Bird feeders are a great addition to the garden all year round, both for birds and other wildlife alike. However, neglecting to feed animals the right kind of food and forgetting to clean this popular feature can quickly turn your bird feeder into a breeding ground for diseases and bacteria. Speaking exclusively to Express.co.uk, Eric Michels, head of pro at CJ Wildlife shared the “best way” to keep birds in your garden healthy throughout winter.
He said: “Feeding birds throughout winter is just as important as any other time of the year, however, this year food sources are scarce due to the hotter weather conditions in summer.
“Many crops are now growing ahead of their regular season, which could affect the survival of our feathered friends.
“But, the good news is that providing food for birds in your garden is simple and easy, with the help of a few items.”
Eric explained that keeping garden wildlife healthy starts with choosing the right food.
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He recommended choosing bird feed with a high-fat content to provide garden wildlife with a steady supply of energy.
The wildlife expert said: “Heading into the colder weather, birds need more fat to help them maintain their reserves, so feeding them high-calorie, protein-rich food such as fat balls, peanut cakes, suet logs and mealworms will provide them with the energy and strength they need to get through winter.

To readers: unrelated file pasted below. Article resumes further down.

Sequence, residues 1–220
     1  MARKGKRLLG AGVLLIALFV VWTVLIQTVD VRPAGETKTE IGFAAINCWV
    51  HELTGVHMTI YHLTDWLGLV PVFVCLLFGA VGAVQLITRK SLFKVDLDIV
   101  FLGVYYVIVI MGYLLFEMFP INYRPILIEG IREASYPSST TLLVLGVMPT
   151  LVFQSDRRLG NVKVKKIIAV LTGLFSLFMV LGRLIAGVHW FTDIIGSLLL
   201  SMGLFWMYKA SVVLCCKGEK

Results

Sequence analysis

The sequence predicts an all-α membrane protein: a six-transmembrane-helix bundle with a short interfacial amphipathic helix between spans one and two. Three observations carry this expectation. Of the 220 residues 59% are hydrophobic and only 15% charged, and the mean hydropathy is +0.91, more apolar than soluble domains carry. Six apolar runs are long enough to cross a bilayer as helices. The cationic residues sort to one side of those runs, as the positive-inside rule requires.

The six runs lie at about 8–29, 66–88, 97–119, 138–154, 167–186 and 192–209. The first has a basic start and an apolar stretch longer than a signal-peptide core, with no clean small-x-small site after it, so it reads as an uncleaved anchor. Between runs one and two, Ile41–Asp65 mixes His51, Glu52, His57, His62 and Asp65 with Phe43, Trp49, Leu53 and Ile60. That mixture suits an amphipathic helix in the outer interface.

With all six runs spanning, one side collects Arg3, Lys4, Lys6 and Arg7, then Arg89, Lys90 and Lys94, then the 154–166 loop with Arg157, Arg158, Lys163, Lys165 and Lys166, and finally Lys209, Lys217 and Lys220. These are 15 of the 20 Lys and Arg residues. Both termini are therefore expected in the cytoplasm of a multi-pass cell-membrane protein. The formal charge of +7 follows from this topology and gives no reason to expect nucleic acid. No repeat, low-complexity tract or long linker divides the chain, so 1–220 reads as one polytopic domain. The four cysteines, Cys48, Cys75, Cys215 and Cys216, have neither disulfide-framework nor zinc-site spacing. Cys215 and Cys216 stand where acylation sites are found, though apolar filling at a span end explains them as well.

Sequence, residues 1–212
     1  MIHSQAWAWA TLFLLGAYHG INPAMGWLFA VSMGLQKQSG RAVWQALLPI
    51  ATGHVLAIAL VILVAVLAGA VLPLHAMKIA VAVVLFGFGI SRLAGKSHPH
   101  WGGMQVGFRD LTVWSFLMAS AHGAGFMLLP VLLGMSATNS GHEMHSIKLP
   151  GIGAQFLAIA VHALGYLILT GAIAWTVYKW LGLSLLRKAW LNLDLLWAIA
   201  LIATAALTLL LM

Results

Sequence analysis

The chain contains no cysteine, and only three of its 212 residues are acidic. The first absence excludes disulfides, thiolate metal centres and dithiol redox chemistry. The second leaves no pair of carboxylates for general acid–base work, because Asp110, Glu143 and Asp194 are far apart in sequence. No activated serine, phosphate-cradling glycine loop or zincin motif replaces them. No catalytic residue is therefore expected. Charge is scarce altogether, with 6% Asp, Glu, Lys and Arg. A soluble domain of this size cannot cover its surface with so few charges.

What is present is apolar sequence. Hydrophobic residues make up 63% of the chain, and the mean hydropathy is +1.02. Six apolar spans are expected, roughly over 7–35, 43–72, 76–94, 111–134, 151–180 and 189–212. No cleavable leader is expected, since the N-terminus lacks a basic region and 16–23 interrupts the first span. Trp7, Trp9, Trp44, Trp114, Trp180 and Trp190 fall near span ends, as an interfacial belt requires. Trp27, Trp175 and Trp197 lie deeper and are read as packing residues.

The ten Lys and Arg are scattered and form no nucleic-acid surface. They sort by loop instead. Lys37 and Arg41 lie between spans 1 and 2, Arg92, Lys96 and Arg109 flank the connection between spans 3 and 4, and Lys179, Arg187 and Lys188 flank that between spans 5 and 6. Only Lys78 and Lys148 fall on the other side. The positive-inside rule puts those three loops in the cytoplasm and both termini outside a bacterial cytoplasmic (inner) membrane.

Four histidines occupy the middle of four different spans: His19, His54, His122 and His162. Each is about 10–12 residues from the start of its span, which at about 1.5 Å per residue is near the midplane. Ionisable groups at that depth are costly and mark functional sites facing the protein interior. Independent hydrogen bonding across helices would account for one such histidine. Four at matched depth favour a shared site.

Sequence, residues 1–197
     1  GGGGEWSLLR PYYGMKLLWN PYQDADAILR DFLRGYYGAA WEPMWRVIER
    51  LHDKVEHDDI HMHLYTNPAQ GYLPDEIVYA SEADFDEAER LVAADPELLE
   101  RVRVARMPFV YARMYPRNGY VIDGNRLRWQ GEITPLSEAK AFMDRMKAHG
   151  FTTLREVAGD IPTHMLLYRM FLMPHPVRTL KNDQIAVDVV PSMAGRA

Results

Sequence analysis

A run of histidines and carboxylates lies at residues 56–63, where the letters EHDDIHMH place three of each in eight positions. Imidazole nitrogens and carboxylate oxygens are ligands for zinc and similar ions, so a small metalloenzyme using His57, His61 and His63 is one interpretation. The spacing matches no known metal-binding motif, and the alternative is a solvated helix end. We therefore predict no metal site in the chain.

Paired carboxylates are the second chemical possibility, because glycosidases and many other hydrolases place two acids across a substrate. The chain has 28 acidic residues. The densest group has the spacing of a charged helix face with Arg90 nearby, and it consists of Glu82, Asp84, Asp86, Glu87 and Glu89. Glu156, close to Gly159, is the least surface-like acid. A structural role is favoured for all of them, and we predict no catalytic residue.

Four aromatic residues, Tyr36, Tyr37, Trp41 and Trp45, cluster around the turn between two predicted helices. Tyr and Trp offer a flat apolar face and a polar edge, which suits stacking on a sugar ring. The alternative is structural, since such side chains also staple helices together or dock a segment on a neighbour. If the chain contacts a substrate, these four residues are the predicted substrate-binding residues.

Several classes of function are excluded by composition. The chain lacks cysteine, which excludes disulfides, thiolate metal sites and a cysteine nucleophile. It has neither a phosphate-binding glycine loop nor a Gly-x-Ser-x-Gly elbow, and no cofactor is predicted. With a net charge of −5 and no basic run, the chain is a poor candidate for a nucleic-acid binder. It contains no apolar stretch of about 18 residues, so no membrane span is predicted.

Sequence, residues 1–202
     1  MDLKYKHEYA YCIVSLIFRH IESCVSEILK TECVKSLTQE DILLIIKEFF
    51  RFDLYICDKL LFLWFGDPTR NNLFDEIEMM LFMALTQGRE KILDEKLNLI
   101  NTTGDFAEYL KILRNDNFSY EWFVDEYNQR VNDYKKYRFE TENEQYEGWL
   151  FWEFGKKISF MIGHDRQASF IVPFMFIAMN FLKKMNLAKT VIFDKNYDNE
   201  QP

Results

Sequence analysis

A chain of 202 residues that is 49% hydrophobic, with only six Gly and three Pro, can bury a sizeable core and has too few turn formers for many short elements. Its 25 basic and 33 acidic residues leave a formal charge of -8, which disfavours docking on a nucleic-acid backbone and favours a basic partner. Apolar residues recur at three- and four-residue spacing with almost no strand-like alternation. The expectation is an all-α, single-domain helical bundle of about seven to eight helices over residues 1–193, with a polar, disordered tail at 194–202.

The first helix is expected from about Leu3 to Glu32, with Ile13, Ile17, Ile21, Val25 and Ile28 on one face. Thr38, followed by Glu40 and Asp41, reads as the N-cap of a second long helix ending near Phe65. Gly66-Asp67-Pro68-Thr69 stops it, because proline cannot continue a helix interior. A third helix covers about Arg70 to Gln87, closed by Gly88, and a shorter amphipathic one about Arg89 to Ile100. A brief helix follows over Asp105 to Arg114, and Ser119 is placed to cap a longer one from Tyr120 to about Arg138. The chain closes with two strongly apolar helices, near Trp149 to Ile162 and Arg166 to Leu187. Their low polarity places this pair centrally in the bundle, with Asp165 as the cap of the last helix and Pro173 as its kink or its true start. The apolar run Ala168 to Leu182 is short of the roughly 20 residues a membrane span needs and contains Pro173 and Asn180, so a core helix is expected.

“Freezing weather conditions can solidify food sources like fat balls and suet logs, so breaking them up and leaving them out on a suitable surface will help ensure birds can access the tasty treat.”
If you do prefer buying a seed mix, the RPSB suggested choosing ones with large quantities of maize, sunflower seeds and peanut granules.
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Of course, keeping bird feeders stocked up can attract unwanted visitors as well as beneficial birds, though Eric explained that it is possible to get around this.
Choosing the right style of bird feeder for your garden is the easiest way to manage the types of animals found in your garden.
Eric said: “Blue Tits, Sparrows and Goldfinches prefer a hanging or wall-mounted feeder, while Robins, Blackbirds and Wrens prefer to rummage on flat surfaces so a table feeder is more ideal.
“Feeders with a guardian protector will enable smaller birds to feed without the threat of predators, or other wildlife such as squirrels stealing their food.”
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To minimise the risk of disease and control pests, keep the ground clear of fallen debris as much as possible.
Eric added that removing uneaten food is also essential to maintain the health of garden wildlife.
If you notice a constant surplus of bird feed in your garden, it may be worth reducing the amount you put outdoors.
The CJ Wildlife expert noted that slightly underfilling feeders is better than overdoing it, as you can adjust the amount accordingly if an influx of birds visit at once.
Eric said: “Keeping your bird feeders and water dishes clean is always essential, however, as bird flu is unfortunately on the rise, it’s even more critical we protect our feathered friends by cleaning bird tables, feeders and water bowls thoroughly to avoid spreading disease.
“Avoid using harsh chemical cleaners, as these could contain ingredients that would harm birds, and instead opt for a biological or natural cleaner.”
In most cases, mild dish soap and warm water are all you need to reduce odours and prevent the growth of harmful bacteria.
Cleaning your feeders roughly once a week should be sufficient to ward off nasty diseases.